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PMMC to Revoke All Licenses for Buying and Selling of Gold


The Precious Minerals Marketing Company (PMMC), will be introducing a new and improved license to clamp down illegal activities within the downstream sector of the precious minerals industry.

The new license is expected to have new security features which will make it counterfeit-proof.

In an interview with Citi News, the Managing Director of the Precious Minerals Marketing Company, Kojo Opare Hammond, said all existing licenses for buying and selling of gold and diamond will be revoked at the end of 2017.

This he said will allow for the issuance of the new licenses.

The PMMC is mandated to oversee the export of precious mineral from the small-scale mining sector, and the law requires at least 80 percent of foreign currency earned from exports to be repatriated into the country.

“We noticed some of them are abusing the system by trying to duplicate the licenses, so we are trying to introduce some sanity into the system by reissuing new licenses that will have certain security features that will make it impossible for anyone to just duplicate or photocopy and use,” the PMMC boss explained.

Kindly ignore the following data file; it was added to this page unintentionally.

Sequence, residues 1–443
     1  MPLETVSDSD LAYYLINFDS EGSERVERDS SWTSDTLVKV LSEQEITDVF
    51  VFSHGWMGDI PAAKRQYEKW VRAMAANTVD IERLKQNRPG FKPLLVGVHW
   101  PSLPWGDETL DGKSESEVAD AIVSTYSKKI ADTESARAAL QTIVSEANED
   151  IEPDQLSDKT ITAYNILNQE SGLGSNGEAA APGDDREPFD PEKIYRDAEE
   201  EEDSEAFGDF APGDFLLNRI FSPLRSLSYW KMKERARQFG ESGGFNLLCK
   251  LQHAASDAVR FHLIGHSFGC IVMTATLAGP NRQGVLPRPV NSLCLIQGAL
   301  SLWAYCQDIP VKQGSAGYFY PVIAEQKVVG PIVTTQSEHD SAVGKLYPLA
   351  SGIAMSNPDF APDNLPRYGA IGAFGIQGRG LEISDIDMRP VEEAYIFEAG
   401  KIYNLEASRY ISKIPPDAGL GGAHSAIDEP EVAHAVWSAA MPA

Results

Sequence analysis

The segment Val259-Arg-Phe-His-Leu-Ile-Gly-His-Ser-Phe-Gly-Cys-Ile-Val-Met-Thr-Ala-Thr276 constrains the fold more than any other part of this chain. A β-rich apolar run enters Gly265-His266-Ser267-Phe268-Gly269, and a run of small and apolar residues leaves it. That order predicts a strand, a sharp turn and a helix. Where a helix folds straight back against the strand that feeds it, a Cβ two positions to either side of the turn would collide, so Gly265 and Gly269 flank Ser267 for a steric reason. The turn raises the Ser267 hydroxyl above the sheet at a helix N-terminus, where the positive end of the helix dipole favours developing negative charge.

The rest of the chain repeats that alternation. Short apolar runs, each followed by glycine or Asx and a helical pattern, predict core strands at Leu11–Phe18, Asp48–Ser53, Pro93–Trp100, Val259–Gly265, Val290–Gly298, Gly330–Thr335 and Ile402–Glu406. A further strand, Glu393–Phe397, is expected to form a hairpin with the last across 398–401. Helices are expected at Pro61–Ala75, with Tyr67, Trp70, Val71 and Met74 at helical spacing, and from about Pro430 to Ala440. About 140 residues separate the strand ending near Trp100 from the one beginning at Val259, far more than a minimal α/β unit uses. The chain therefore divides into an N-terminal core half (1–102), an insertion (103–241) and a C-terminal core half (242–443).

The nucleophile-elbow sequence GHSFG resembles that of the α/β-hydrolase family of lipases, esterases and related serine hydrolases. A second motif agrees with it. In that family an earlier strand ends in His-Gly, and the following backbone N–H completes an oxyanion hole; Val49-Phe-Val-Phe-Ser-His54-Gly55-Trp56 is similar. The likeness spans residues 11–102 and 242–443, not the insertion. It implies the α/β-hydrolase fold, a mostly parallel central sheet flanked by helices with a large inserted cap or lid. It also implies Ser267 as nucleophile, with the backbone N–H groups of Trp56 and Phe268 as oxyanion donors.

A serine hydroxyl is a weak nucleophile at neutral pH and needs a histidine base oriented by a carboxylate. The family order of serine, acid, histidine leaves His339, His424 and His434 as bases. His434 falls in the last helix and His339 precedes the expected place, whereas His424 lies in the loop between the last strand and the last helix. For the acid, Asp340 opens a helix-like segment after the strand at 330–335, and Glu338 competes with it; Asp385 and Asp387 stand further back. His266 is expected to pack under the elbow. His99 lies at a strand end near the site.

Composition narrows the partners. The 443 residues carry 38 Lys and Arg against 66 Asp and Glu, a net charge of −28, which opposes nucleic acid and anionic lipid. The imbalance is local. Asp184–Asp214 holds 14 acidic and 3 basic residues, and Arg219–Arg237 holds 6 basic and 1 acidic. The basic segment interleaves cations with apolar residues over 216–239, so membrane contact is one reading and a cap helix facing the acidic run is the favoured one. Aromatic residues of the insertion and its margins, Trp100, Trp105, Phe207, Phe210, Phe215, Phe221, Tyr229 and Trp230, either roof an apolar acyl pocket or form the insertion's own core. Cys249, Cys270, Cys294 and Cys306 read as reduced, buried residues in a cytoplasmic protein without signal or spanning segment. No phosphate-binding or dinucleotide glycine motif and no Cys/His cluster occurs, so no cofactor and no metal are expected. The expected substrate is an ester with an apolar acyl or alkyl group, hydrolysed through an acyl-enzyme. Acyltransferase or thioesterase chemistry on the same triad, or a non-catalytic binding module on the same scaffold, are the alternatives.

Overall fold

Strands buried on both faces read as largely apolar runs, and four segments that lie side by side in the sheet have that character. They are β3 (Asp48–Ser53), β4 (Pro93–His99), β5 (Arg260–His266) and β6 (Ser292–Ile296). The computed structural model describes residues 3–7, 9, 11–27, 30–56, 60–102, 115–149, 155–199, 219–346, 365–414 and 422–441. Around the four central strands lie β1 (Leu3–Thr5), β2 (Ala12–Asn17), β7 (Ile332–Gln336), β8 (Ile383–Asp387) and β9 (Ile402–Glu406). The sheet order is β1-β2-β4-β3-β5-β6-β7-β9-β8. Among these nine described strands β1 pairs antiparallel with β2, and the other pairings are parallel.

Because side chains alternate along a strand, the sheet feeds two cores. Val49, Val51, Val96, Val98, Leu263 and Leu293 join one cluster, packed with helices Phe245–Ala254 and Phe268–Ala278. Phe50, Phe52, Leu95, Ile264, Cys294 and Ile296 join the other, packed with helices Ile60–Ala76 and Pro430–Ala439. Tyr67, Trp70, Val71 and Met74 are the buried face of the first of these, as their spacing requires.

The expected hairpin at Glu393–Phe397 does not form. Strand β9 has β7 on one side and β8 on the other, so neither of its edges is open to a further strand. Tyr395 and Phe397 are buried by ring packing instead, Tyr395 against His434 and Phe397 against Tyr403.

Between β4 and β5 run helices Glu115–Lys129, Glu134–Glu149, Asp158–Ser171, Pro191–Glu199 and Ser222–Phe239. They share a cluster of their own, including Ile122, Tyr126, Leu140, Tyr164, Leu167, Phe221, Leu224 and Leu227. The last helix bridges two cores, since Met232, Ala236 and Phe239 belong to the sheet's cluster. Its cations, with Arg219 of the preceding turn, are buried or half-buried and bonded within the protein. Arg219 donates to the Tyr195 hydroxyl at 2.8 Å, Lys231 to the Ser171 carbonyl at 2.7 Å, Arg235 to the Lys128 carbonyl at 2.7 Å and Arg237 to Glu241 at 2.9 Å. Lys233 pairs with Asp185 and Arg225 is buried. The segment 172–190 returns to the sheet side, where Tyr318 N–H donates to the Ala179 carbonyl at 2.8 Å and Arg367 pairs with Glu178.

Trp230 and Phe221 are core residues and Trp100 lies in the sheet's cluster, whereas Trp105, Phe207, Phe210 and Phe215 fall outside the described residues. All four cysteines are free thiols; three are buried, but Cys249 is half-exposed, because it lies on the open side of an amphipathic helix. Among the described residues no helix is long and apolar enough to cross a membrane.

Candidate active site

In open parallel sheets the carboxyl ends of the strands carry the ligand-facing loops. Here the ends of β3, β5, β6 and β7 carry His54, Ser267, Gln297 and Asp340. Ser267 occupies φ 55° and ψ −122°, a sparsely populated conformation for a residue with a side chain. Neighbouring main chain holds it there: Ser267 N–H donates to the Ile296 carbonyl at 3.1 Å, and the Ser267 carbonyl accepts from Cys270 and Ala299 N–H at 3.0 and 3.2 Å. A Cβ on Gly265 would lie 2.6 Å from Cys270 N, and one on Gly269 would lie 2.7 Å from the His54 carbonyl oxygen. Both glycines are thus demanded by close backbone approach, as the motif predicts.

Before this, the PMMC intends to roll out a program to begin the re-issue of new licenses starting in December, “which will run until the end of the year [2017].”

“Effective January 1, everybody who is involved in the downstream industry, in terms of gold especially, will need to operate with that new license,” Mr. Opare Hammond said.

State of the PMMC

Earlier in 2017, it emerged that the PMMC, at the time, could not trace most of the companies involved in the export of $2.3 billion worth of gold in 2016, that did not result in the repatriation of foreign currency.

The company’s operations cut across buying, selling, grading, valuing, and processing of precious minerals to include appointing licensed buyers for the purchase of minerals mined by small-scale miners.

The PMMC has been noted as one of the five 18 state-owned enterprises that made losses in 2016.

The company recorded consistent losses throughout the period, and it was not able to pay dividends or surplus to the Government, according to the 2016 Annual Aggregate report on State Owned Enterprises.

Its revenue declined significantly by 83% from GHc136 million to GHc23 million in 2016.

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